Less than two months ago, from a humble, but well-equipped studio in the West Bank city of Bethlehem, two young television anchors presented the first broadcast of a new nightly newscast that could prove to be significant for Palestinian civil society.
As the first independent Palestinian media organization, Ma’an News Agency has already been publishing news in Arabic and English since 2005 on its website. The benefits of their new satellite television program are quickly becoming apparent.
As Palestinians are moving forward with institution-building and law enforcement, a greater need for transparency in government can only be fulfilled by the presence of a free and independent media. Along with the free flow of information, the freedom to voice opinions and criticisms are essential for civic participation.
In general, television news has been delivered by non-Palestinians on channels such as Qatar’s Al Jazeera, Saudi Arabia’s Al Arabiya and sometimes the UK’s BBC, and the coverage has largely focused on issues in other parts of the world, especially since the Arab uprisings began.
Ma’an Network is a partnership between independent journalists throughout Palestine, including nine local television stations and nine local radio stations. The hour-long newscast receives reports from these stations on a direct uplink, thus giving voice to people from different sectors, particularly those from marginalized areas.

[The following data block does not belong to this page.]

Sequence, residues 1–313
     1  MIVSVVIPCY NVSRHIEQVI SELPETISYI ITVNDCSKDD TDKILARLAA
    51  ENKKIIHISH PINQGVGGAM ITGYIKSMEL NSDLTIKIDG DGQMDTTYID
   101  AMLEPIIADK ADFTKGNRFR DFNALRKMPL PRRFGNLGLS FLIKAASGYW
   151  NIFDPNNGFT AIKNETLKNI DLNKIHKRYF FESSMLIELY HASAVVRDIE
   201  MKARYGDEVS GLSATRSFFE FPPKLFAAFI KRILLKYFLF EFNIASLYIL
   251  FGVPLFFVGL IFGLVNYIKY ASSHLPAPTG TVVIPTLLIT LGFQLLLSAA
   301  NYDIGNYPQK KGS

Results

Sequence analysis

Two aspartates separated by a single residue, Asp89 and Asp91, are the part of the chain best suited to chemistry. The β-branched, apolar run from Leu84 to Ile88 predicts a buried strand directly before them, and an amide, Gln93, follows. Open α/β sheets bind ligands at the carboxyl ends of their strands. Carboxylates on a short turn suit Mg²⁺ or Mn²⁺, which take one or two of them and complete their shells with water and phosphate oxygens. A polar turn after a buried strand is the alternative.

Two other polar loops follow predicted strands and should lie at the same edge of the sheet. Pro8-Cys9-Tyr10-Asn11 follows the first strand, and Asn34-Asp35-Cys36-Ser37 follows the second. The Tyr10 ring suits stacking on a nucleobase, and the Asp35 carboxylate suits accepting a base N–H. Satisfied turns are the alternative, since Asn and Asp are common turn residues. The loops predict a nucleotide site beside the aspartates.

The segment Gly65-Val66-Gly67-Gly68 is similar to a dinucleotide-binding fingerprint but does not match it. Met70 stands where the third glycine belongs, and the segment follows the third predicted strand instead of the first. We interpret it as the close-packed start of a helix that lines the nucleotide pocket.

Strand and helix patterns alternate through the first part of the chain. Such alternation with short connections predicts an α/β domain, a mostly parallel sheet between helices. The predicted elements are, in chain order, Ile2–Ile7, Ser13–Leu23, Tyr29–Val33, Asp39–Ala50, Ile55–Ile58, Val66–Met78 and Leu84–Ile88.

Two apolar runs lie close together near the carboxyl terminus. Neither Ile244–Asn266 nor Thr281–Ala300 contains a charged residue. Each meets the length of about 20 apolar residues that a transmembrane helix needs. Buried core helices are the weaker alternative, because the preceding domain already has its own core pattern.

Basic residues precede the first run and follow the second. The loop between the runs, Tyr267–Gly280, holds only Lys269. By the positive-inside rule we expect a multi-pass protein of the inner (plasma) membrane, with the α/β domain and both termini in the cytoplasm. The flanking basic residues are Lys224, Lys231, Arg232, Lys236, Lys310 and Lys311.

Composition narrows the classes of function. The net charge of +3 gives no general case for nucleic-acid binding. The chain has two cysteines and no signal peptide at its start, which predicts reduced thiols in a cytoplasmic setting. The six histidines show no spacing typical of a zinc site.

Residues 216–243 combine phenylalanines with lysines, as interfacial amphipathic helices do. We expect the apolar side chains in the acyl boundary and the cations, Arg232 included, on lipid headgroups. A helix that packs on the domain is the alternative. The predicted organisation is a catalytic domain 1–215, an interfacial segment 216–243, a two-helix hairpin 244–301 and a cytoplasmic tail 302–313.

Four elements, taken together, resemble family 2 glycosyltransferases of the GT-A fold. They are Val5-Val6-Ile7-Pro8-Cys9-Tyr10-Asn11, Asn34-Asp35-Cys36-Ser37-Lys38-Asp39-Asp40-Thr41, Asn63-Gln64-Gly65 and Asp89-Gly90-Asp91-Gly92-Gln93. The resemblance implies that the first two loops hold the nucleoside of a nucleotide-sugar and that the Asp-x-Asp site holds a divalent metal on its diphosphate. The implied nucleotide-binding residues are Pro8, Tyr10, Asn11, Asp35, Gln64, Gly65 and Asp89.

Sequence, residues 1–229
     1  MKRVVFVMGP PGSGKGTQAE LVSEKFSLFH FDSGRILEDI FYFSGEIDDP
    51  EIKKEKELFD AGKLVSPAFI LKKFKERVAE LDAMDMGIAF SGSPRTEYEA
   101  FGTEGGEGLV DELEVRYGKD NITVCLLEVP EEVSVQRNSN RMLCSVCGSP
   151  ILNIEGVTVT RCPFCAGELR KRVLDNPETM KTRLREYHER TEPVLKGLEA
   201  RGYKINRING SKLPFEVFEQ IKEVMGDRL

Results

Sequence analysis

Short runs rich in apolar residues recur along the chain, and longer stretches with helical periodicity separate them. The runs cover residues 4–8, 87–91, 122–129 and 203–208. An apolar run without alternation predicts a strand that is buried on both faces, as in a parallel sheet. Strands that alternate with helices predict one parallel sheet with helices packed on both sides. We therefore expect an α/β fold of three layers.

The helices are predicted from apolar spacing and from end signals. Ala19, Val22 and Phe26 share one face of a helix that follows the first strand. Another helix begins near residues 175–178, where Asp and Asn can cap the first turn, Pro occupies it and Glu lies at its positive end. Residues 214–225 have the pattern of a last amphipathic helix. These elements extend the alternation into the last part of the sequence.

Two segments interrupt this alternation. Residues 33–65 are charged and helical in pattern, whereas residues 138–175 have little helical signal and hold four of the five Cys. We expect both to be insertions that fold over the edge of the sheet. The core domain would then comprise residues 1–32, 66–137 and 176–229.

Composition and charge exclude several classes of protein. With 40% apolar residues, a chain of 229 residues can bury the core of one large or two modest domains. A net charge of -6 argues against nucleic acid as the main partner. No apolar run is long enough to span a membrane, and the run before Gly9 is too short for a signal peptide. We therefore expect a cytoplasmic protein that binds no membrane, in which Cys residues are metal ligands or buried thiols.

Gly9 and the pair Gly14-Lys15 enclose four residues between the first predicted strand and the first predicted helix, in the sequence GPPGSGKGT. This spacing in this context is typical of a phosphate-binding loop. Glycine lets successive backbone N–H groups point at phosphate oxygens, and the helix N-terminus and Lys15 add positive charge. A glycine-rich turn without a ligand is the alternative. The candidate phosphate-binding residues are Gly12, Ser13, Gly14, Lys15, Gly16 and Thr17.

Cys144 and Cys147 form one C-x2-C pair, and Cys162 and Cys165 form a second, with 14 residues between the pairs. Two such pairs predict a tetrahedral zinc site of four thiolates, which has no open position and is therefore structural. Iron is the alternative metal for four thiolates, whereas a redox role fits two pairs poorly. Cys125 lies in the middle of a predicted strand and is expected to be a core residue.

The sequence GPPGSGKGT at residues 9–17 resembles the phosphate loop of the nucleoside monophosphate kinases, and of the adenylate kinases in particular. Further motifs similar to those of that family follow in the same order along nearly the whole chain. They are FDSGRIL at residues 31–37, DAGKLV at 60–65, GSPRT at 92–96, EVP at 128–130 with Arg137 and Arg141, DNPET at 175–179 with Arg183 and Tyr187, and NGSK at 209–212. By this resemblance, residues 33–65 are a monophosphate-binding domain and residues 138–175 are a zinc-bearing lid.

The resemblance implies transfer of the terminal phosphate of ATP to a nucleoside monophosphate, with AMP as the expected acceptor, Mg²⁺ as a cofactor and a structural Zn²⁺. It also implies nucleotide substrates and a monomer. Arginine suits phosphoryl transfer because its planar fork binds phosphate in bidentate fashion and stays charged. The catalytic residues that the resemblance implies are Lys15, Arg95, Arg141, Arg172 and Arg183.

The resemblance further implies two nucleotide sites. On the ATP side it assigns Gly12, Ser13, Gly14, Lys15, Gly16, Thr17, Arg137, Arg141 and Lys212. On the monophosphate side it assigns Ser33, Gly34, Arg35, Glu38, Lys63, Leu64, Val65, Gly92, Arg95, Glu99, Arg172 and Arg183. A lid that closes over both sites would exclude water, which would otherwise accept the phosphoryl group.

An important topic featured in the newscast is the split between the West Bank and Gaza. Since the division in 2007 between the big two rival parties – Fatah (which governs the West Bank) and Hamas (which governs Gaza) – Palestinian media has also split along these lines. Ma’an adds important balance to the media scene because it maintains an office and correspondents in Gaza who deliver up-to-date news from there.
This independence also allows the channel to tackle issues and concerns neglected by other television stations. For example, a few weeks ago a Ma’an report discussed a civil servants’ strike over unpaid wages while other channels decided to ignore it. It also covered the high school general exam system, Tawjihi, and its flaws. These debates then prompt new reflection and discussion in Palestinian civil society. For example, Khalil Shaker, a university lecturer, states: ”When media raise issues that concern people, it gives them a platform to talk and reach decision makers.“
The content on this channel is co-produced by Ma’an and the Palestinian-Israeli Mix channel, which creates a unique “mix” between Palestinians living in Israel and Palestinians living in the West Bank and Gaza. The cooperation between Mix and Ma’an opens new opportunities for communication between the two communities.
Launched with generous funding from Denmark and the Netherlands, Ma’an’s noble ambition to seek the highest professional standards doesn’t imply that their work is yet perfect. As usual, beginnings are rough. Some of the news coverage, such as the reports on various workshops or courses happening in the Territories, are not considered compelling viewing. The editing of the newscast can still be improved, as can the arrangement of content.
These flaws are, however, improving rapidly and the programme seems well on its way to achieving the goal of becoming a different kind of television station on the Palestinian scene, one that gives voice to real people and their stories.
Nida’ Tuma is a freelance journalist who lives in Ramallah.